From Daniel’s theme, one of the next pieces of music I wrote was “Daniel’s Idealization”, originally conceptualized as Daniel & Annalise’s theme. This track had a very clear reference in the form of Arvo Pärt‘s “Spiegel im Spiegel”.
“Daniel’s Idealization” is used over the flashback where Daniel & Annalise are watching the sunset by a ferris wheel. I needed to write a piece that emphasized Daniel’s relationship with Annalise from his perspective. I originally wanted to make this track a combination of both Daniel and Annalise’s themes, but while I was writing it, it became clear that this needed to be totally separate from Annalise’s theme. This track is in essence how Daniel sees their relationship and his idealization of Annalise separate from reality. In Daniel’s mind, this was a really beautiful moment in their blossoming relationship. Like “Spiegel im Spiegel”, I wanted this track to be simple, beautiful, and wistful. Also a little bit sad, because this track is everything that Daniel dreamed their relationship could be before he destroyed it.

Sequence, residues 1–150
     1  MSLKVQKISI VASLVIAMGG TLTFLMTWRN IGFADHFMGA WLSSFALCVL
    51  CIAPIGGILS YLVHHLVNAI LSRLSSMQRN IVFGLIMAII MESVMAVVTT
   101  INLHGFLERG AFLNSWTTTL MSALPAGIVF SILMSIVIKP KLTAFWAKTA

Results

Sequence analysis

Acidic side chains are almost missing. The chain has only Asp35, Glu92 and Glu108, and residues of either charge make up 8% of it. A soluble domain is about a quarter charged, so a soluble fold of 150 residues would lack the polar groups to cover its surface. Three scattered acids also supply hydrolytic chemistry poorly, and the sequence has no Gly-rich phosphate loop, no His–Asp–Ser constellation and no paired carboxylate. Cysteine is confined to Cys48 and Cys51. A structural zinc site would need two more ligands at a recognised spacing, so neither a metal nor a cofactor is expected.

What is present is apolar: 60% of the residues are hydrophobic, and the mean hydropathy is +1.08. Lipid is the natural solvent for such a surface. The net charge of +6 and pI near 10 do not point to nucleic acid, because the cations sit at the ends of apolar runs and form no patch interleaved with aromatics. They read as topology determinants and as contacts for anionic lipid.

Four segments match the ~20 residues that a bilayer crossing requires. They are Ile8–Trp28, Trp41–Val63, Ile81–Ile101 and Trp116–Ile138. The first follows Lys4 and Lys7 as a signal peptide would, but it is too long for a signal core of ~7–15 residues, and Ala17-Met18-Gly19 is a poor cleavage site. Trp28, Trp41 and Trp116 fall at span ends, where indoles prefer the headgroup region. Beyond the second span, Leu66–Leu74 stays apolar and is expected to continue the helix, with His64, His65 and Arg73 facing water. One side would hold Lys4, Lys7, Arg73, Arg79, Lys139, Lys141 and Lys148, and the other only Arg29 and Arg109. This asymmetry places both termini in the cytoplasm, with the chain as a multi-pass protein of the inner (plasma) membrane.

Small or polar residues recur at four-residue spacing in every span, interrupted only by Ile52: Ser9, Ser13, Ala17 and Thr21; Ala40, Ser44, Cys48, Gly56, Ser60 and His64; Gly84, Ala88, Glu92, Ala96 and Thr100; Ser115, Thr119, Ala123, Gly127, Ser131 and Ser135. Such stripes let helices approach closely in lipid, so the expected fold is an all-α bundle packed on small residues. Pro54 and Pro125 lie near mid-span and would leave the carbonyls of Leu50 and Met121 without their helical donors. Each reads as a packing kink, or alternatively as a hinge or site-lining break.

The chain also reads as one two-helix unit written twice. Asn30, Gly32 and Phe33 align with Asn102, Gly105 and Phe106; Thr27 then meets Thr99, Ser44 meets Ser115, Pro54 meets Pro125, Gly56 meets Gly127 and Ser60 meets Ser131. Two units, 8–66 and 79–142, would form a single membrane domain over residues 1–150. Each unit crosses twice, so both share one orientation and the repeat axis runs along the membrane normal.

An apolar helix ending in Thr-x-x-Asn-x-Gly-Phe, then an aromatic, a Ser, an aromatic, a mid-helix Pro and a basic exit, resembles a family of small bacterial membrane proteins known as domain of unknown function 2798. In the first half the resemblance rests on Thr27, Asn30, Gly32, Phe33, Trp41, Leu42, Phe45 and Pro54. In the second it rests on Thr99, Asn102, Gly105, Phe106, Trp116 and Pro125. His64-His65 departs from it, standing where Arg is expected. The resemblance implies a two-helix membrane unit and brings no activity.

To begin writing this track, I built the melody off of a section of Daniel’s melody that I reversed and placed in a major key. If Daniel’s theme reflects who he is and how he wanted to be seen, Daniel’s Idealization is more of an indication of who he wanted to be alongside Annalise. I wanted these two tracks to be connected to Daniel in some way so that’s why I built it off of his main theme, but after those beginning melody notes, it branches out to become something new and stand on its own. Unlike “Spiegel im Spiegel”, I wanted this piece to be less melancholic and a little bit more hopeful. Once I figured out what this track needed to say, this was one of the easier themes to write since it’s technically fairly simple.
Annalise’s theme was one of the most important pieces for me to get right. In a game that tells a narrative about sexual assault from the perspective of the perpetrator, I wanted to give Annalise’s character as much of a voice and agency as I could. In The Other Half, Annalise’s character is a doctor, highly intelligent, empathetic, thoughtful, and independent. She is also revealed to be a survivor of sexual assault through Daniel’s narrative flashbacks, but what most distinguishes her among the other characters in the game is her kindness towards the player’s character, the Hunter, and her fellow townspeople. She doesn’t hesitate to offer assistance to the Hunter as you progress on your journey and disobeys the town’s curfew to collect the herbs she needs to continue making healing potions.